Response to A. Blinder's NYTimes Op-Ed Piece Today
Jude Wanniski
August 20, 1996

 

Memo To: Alan Blinder
From: Jude Wanniski
Re: Dole's Conversion to Supply-Side Economics

Your NYTimes op-ed today, "The Republican Riverboat Gamble," displays an astonishing level of ignorance about the simplest tenets of supply-side economics. If this were 1975 or even 1980,1 could excuse such ignorance in an eminent Princeton Ph.D. economist who has recently served as vice chairman of the Federal Reserve and a member of President Clinton's Council of Economic Advisers. But Alan, this is 1996! It's 21 years after I coined the phrase "supply-side economics," and probably 25 years since Professors Bob Mundell and Art Laffer began putting it together at the University of Chicago. How could you have gone all this time without inquiring into the nature of the basic analytical framework we have been using? It is clear from your essay that practically everything you know about supply-side economics was learned by reading the newspapers. If you had taken the slightest trouble in asking those of us who developed the system, you would have discovered that we do not equate tax cuts with an increase in the savings rate!! I say that again: When tax cuts are called for in a supply model, there is absolutely no consideration given to increasing the savings rate!! The savings rate is a concept that is only appropriate in the static demand-side model you were taught. It is the chief reason why you and your Keynesian colleagues cannot now even imagine an economy that can grow at high rates without inflation because an increase in the savings rate requires a decrease in the rate of consumption. Your basic problem is that you study the economy exclusively through the national income accounts, which exclude an analysis of existing wealth on human behavior. Don't you realize that as the recorded savings rate of income was falling from 1982 to 1986, the value of previous savings, i.e., national wealth, was rising dramatically. The value of publicly traded stock, which is merely the tip of the iceberg of national wealth, tripled in that period. Why should you or I save more of our income when the value of our wealth is exploding?

If you once had taken the trouble of raising these questions with me over the past 20 years, we could have sorted this out, and you would not now be writing such silly pieces in the Times. Do you recall that when you were appointed to the Fed, I told the press it was a good move by the President because, although we disagreed, you were intellectually honest? In your years at the Fed, I will remind you that I called for an appointment at least a dozen times, and never was your door opened to me. Once you know what you know, you obviously do not need to know any more. Your intellectual honesty comes through in the op-ed, when you allow that the recession of 1981-82 was caused by the Fed's tight-money policy. Some of your colleagues will not even allow that much. Your intellectual ignorance comes through in your assertion that the 15% interest rates following the Reagan tax cuts of 1981 were caused by the market's fear of ballooning budget deficits. At least Jim Tobin at Yale understood that you cannot be fueling demand for money with tax cuts and starving liquidity by a Fed policy that sent the gold price plunging from $625 in late 1980 to below $300 in early 1982 without causing stratospheric interest rates. If you were too embarrassed to ask me or any other supply-sider what was going on, you could have called Paul Volcker and he would have given you a heads up.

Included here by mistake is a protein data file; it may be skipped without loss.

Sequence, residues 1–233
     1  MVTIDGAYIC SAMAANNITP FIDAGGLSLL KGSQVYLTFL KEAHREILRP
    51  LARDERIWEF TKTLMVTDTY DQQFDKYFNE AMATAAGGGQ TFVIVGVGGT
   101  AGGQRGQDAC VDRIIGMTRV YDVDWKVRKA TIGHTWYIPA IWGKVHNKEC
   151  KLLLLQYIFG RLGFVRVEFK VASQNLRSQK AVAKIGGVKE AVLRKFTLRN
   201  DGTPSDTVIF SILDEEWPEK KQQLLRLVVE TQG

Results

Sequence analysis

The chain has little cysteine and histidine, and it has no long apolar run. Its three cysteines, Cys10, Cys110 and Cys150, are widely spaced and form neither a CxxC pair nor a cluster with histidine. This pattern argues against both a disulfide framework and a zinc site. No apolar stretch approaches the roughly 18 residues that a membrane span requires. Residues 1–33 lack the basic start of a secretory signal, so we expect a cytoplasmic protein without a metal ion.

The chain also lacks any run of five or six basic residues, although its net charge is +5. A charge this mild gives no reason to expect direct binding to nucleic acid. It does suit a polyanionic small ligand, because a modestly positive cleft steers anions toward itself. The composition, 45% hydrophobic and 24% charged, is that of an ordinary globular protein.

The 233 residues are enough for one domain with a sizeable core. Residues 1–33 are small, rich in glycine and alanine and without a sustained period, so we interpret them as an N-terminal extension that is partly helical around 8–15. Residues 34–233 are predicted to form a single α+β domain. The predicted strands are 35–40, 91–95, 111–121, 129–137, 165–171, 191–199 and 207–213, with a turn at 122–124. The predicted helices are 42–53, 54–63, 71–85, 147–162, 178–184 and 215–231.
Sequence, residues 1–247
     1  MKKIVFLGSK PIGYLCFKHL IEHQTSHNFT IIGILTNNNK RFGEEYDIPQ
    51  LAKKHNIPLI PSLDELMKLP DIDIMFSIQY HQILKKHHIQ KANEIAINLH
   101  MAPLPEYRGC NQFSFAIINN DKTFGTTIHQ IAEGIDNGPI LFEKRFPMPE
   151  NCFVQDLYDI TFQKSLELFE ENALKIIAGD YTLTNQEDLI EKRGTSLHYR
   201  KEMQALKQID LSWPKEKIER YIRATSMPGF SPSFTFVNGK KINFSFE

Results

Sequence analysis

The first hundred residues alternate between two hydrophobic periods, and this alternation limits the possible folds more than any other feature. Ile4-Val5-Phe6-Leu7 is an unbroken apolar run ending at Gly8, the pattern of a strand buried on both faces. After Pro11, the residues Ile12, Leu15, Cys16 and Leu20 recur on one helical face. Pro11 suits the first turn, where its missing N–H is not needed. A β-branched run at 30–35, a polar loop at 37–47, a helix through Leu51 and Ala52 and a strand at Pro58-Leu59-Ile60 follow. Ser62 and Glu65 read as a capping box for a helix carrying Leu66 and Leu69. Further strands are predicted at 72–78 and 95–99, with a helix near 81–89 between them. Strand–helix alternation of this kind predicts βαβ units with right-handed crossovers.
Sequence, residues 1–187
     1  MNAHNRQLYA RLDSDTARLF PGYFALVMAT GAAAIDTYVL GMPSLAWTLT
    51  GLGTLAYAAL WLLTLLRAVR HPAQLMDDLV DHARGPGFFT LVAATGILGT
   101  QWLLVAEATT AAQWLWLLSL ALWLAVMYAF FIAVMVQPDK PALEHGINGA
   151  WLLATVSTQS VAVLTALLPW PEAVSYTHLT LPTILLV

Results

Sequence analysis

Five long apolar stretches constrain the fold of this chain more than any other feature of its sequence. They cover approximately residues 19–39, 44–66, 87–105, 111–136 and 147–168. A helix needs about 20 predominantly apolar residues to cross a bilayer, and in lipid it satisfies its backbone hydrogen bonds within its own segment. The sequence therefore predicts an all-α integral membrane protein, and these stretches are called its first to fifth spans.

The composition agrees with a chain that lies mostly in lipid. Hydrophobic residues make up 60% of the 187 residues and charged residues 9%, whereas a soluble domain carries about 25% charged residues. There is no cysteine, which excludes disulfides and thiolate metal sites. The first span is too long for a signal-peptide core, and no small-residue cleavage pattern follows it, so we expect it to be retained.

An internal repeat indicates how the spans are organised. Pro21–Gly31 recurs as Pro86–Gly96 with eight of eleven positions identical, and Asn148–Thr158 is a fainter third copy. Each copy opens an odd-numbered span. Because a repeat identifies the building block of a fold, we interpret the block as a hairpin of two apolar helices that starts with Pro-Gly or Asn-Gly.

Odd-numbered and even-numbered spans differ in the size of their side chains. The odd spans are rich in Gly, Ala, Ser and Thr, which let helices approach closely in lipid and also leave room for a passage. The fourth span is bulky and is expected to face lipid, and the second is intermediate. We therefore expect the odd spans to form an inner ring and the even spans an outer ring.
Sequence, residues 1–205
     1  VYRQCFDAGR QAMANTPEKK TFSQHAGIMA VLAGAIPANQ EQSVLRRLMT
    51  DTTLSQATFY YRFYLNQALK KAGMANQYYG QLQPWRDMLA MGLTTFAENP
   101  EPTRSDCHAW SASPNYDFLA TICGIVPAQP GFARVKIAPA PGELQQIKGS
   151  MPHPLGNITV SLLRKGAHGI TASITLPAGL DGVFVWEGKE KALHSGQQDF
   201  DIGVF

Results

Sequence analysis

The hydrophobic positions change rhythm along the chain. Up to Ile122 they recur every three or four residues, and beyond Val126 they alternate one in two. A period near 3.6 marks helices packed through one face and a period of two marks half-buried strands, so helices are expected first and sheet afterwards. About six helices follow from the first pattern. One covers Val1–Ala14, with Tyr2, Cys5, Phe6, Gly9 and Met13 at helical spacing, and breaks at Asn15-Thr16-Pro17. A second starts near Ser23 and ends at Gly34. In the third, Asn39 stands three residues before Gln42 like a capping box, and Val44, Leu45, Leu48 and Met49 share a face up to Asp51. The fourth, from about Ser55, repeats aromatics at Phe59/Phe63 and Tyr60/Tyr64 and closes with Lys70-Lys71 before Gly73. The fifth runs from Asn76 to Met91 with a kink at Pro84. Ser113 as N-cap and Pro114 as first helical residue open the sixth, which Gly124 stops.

You still have a few years left to your tenure at Yale. I would suggest you throw out the comic books from which you teach your students the elements of supply-side economics and for starters read The Way the World Works , which I wrote in 1977 and was published in 1978. You should not be afraid to learn something new. If you had taken the trouble to go to the sources on supply-side before you advised President Clinton, he could have been a much better President. As it is, he still believes that the economy is growing as fast as it can. If he loses in November, it will be because he has not one single economist around him at the White House or in Treasury who knows as much about economic growth as any of a dozen people who routinely report to Kemp.